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Class, Crime and International Film Noir: Globalizing America's Dark Art Hardcover – 9 Apr 2014


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Review

'Broe's American Workers and Postwar Hollywood argued that American film noir expressed the plight of American workers between WW II and the Cold War, under the persecution of corporate capitalism. For Broe, the dark stylistics and plots of American film noir express the despair of defeated American workers in unionized struggles against corporate power. The present book extends that argument to France, Britain, Italy, and Japan. Broe argues that the postwar noir films produced in these countries are even more clearly a feature of the class struggle and American corporate power in these foreign economies. Le Quai des Brumes and Le Jour se Lève (French poetic realism), Bitter Rice (Italian neorealism), Night and the City (British social realism), and The Bad Sleep Well (Japanese noir) all critique international capitalism and its triumph over workers' interests. The argument is coherent, and the research gathered to support this thesis is extensive. Broe's argument is that film noir is a form of protest against socioeconomic conditions rooted in historical factors. For a different analysis of film noir, see Robert Pippin's Fatalism in American Film Noir (2012), which argues that noir is surrounded by social conditions but rooted in the human condition.' - R. Ducharme, Mount Saint Mary's University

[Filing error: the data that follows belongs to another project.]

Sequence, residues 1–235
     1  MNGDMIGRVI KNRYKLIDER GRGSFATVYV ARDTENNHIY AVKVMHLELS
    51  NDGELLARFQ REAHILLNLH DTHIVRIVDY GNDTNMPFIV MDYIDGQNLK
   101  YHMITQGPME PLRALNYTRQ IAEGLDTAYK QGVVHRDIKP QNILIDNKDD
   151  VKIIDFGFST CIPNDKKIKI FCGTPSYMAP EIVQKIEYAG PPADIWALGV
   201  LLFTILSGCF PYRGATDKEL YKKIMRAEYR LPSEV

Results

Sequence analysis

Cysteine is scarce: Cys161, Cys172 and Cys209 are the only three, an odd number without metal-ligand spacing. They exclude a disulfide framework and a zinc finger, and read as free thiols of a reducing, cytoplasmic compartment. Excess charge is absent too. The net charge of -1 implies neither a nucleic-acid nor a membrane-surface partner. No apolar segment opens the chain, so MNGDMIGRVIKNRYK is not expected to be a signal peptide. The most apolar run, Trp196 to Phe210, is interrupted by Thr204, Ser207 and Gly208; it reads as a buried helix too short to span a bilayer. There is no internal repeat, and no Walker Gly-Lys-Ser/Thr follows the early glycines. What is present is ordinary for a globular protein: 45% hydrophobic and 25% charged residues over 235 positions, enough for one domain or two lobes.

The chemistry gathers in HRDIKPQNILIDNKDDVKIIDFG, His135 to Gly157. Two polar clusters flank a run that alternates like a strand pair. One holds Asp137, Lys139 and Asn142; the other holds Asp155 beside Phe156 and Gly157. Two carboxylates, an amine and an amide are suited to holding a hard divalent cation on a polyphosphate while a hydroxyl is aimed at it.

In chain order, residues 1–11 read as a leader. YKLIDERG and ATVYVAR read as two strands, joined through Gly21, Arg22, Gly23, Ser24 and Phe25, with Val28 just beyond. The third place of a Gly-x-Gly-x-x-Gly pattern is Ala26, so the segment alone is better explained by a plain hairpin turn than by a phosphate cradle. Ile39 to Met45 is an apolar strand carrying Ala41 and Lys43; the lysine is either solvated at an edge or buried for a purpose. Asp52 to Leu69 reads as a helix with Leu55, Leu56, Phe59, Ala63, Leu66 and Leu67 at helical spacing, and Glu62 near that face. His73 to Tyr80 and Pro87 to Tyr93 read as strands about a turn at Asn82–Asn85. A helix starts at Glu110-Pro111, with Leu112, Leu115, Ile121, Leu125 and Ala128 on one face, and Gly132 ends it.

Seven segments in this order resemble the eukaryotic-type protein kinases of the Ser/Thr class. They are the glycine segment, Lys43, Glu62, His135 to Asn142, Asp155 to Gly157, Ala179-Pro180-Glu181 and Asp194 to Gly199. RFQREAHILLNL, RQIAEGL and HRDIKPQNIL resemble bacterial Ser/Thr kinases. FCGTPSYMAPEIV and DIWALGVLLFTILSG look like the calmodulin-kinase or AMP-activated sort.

About the Author

Dennis Broe is Professor of Media Arts at Long Island University, USA. His Film Noir, American Workers and Postwar Hollywood was a Choice Outstanding Academic Book. He has written widely on political economy, studio history, and the Western in Cinema Journal, Jump Cut, Film and History, Framework, Social Justice, Situations, and Newsday. He is also a film critic on Pacifica Radio.

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